New Friends

If you can talk with crowds and keep your virtue,
Or walk with Kings—nor lose the common touch,
If neither foes nor loving friends can hurt you,
If all men count with you, but none too much:
If you can fill the unforgiving minute
With sixty seconds’ worth of distance run,
Yours is the Earth and everything that’s in it,
⁠And—which is more—you’ll be a Man, my son!

Rudyard Kipling

“Success is money,” Eddie said.  “I am going to buy a car with a suitcase of cash,” Eddie said, laughing.  He was always easy to laugh and that was a quality I admired.

We were going up the escalator in The Glades shopping centre in South East London.  It was lunchtime and we has wolfed a Mcdonald’s before wandering around looking at ‘fit’ girls.

“I am not so sure it is.  Surely it is power or influence.  Like being a Lord” I answered.

This was not the first time we had been grappling with the notions of success.  Eddie was fixated on buying a big house and brand new BMW using a ‘suitcase of cash’.

I was rather keen at the time to do anything good which would enable positive change in the world which even then seemed unjust.

“Shut up.” He had become very serious and put in his cool face with one raised eyebrow.  It could only mean one thing.  Some girls were coming down the other direction on the adjacent escalator and we had to pose as they passed, somehow seductively ignoring them in silence.

This bizarre pattern of behaviour played out time and again with the girls, we fancied apparently following the same method of nonchalant seduction.  Looking back, the whole thing was so very awkward in our innocence. 

My old friend Eddie and I had decided that all of our acquaintances at Bromley College were doing nothing for us.  They were (and this is obviously a sweeping generalisation), ‘going nowhere fast’.

We decided to find some new friends who were educated, erudite and who had ambition, and we came up with a systematic way that we were going to do that.

Every Friday and Saturday night we would attempt to visit three or four pubs.

We would go in, get a drink and part ways agreeing to engage at least three people as we explored, meeting back near the door after 20 minutes.

Time and again we would meet up and agree that this was not the pub for us, and that the people were not the same.

Conversations would tend to be formulaic and predictable, football, rugby, sometimes racism, and always a lack of enthusiasm for life.

We would move on to the next pub.

We had started at Bromley South at the Crown at Bromley Common and then the Star and Garter, up through the High Street and then beyond into Bromley North.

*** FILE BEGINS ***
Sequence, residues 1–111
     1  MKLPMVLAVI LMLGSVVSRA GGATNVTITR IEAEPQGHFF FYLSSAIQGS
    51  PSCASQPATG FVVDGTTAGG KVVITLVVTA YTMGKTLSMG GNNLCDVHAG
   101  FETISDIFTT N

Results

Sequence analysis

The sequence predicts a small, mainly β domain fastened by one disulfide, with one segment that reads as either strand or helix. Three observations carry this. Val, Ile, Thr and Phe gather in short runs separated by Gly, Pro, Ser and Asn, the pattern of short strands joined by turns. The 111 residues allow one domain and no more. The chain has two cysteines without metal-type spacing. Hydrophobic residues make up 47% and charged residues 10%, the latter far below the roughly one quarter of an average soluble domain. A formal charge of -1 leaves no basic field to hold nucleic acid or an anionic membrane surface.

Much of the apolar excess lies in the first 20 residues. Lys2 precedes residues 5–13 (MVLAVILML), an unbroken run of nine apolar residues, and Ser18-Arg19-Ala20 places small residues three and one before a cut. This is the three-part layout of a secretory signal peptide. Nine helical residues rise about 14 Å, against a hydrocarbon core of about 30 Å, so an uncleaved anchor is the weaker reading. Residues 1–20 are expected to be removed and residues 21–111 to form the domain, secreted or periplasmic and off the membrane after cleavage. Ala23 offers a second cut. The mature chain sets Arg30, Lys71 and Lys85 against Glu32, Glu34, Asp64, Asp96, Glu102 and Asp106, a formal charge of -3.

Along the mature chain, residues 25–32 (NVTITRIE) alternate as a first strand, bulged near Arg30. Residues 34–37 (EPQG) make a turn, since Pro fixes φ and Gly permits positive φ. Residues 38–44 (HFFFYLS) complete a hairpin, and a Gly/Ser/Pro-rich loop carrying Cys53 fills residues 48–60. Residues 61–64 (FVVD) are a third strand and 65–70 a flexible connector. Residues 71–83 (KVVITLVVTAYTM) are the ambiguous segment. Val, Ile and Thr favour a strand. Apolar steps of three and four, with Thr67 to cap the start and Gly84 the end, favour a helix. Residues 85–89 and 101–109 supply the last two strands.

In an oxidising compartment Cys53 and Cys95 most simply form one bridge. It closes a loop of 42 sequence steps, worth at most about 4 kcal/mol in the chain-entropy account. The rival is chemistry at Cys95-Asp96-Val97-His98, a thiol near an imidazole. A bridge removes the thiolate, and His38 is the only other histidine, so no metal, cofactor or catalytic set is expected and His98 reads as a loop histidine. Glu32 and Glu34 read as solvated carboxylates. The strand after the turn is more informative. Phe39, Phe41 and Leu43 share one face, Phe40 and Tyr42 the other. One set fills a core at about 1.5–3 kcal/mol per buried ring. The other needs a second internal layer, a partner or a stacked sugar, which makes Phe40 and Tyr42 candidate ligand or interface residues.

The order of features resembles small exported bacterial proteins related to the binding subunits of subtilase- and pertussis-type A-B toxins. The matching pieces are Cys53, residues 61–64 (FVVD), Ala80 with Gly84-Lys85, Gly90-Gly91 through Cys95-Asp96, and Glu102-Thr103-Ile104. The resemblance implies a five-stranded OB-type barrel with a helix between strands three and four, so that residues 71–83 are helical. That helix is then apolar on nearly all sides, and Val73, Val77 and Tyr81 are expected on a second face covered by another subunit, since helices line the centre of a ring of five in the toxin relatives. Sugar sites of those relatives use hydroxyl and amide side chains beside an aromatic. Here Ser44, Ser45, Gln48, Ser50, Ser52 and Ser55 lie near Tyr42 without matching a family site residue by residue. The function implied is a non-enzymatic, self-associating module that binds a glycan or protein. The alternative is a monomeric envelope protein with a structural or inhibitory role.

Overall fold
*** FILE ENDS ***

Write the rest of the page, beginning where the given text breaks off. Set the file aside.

We normally visited about three or four pubs an evening, before deciding to call it a night and I would drop him back home near Mottingham.

The same thing happened again and again and we had been at this for a number of weekends when we found ourselves near the American Pool Club.  If we ventured any further it would mean going into Downham, a different environment completely and so we determined to call it a day.

We would cease our endeavour and just accept our dissatisfaction with our lot and leave our keenness to connect with the world utterly unfulfilled for the time being.

We glanced across the road to where the Beech Tree was.  A quiet ‘old man’s pub’.  We thought we would go in and have one last drink before heading off home.

As we entered, we realised that this was no ordinary night.  It was full of young people.

We both immediately followed the usual protocol; drink, separation, reconnaissance and meeting back to confer.

This cohort of pub-dwellers were exceptional people as far as I was concerned.  They had all just received their GCSE results and they were talking about foundation courses, they were talking about aspirations.  Some wanted to be artists, some lawyers, accountants, and musicians – they all had firm ideas about how they were going to be a success.

Their dreams put into sharp relief what was being taught to us at Bromley College where I still recall one lecturer explained to us, if worked very hard, we might aspire to become middle management at a supermarket which comes with a very attractive package.  I was left uninspired.

So here we were and we found some people who were excited about the future, unbound in ambition and whose dreams seemed to have no constraints.

We found some new friends.

About Rev Lloyd Hobbard-Mitchell

Rev. Lloyd Hobbard-Mitchell, an Englishman deeply connected to Thailand, was ordained to the Sacred Priesthood on 28th May 2023.

In addition to his religious journey, he has worked as an online English teacher and pursued a career as an artist. He has also operated a tour desk business with his wife within international brand hotels.

Lloyd has extensive experience in the voluntary sector, specifically in addressing homelessness and social welfare.

He is a Fellow of the Royal Geographical Society and embraces opportunities to meet new people, see new places, explore cultural similarities, and celebrate differences.